Tuesday, March 16, 2010

The Zelda Method, Revisited



By Annie Wright

Sometimes, merely finishing an RPG isn't enough. We've all experienced being drawn into the discovery of a world in which we spend hours of our day, or even days of our week. We become our avatar as we play; we form emotional attachments with those who join our party, and sometimes even with random people we meet along the road. We learn moves, expand our fighting repertoire, and develop preferences for weapons. It's not that we're untethered from the real world (well, not in MOST cases... there are always exceptions), but it takes a fairly unimaginative cynic to be totally unaffected when playing. And believe me, I know a thing or two about being cynical. Yet even at my most jaded, when faced with a daunting or unpleasant task, I've often found myself lapsing into a practice that I began when I was just out of high school. Some people have yoga, I have Zelda.

I once had a discussion during my freshman year of college with a fellow classmate (I shall call him "Francis" here in order to protect his identity from the repercussions of some of the more questionable activities I will reveal later in the post) about the concept of applying a "level up" mentality to some of the menial tasks that accompany undergraduate life. We were not that concerned with the academic aspect, as mentioned by Professor Jesse Schell, or the "unlocking" of achievements as we got our core and prerequisite classes out of the way in order to move on to concentrated and specific areas of study. For us, that notion went without saying, even without the formalized "popquiz-as-miniboss" metaphor, as we were already seasoned gamers at this point in our lives.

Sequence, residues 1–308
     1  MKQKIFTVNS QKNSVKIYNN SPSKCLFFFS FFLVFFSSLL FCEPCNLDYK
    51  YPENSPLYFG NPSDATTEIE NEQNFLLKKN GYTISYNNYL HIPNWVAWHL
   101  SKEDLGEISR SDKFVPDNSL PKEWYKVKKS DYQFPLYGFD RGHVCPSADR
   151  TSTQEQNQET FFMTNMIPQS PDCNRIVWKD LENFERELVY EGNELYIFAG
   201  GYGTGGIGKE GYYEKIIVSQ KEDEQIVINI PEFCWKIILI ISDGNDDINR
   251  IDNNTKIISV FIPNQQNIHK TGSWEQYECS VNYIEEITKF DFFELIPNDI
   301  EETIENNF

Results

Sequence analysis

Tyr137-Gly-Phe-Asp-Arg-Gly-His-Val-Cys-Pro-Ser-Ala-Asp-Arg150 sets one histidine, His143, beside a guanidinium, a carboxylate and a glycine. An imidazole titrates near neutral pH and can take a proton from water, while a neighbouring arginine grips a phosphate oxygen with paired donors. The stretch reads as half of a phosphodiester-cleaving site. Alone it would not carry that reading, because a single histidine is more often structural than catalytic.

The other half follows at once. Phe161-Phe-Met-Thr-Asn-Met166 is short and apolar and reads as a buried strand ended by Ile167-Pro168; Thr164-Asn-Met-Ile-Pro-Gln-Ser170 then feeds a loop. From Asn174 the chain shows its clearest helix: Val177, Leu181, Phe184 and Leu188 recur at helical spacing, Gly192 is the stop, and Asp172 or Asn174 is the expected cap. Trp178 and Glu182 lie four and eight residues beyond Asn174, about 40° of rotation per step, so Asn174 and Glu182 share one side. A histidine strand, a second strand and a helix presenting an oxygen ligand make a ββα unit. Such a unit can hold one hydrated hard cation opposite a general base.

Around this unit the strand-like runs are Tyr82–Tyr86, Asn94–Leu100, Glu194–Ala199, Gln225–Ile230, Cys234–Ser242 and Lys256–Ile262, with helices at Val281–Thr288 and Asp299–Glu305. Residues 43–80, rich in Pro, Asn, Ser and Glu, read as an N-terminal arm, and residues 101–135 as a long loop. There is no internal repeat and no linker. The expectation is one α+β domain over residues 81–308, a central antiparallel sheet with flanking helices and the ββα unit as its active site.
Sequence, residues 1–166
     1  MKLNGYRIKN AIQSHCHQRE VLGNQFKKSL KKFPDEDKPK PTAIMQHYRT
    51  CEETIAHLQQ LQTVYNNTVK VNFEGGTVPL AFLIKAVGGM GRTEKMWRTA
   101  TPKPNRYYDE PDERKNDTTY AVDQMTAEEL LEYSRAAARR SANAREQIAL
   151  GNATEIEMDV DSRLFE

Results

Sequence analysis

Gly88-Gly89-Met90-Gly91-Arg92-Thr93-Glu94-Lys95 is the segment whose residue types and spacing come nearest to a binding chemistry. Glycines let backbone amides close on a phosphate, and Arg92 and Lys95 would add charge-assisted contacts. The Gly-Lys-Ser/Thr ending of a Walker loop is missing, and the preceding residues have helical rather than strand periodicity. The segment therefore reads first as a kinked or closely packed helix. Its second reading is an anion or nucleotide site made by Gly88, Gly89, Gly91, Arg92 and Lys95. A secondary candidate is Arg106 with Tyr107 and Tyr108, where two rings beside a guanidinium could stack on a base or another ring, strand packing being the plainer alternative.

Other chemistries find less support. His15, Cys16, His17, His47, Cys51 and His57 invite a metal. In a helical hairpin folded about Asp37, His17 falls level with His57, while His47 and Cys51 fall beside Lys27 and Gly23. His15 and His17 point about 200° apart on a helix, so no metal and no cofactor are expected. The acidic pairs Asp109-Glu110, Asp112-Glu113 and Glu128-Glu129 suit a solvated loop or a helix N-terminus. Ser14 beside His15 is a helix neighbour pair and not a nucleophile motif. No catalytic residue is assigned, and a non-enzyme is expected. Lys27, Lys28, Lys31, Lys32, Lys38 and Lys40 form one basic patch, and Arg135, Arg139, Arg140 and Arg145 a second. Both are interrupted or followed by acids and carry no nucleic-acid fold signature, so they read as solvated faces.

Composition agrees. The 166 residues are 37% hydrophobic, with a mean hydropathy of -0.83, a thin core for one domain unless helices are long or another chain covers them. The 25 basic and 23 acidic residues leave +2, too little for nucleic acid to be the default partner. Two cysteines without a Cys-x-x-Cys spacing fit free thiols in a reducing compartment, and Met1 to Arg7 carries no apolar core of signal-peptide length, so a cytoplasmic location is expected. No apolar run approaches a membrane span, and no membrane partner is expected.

Francis and I were however, very interested in making certain routine necessary evils a bit more palatable. Among the worst of these labors was the dropping and adding of classes. Our university was one of the last to unify the various I.T. departments on campus, and consequently there was a fairly intricate trek involved in the modification of one's schedule. One day, as I bemoaned the potential loss of an entire afternoon to this process (in order to take Brazilian Jiujitsu, I needed to drop a Medieval History class that centered around the plague epidemic of the 1300s), Francis turned me on to "The Zelda Method".

It was simple enough in concept: For each errand in the agonizingly bureaucratic drop/add procedure (go to the first building to get a form, collect a signature on the form from a different building, present the signature in exchange for the correct stamp held in an office that was hidden in the back of a classroom that was occupied constantly save for a ten minute window which was at a different time each day, etc), I was to imagine myself one step closer to my ultimate goal: admittance to an elite Hyrule dojo. Once enrolled at this dojo, I would be schooled in the skills necessary to face my ultimate destiny, wield any Master Swords I should happen to encounter, and most importantly, avoid an entire semester of learning about how the rat/flea ratio on merchant ships in the 1300s led to the black plague.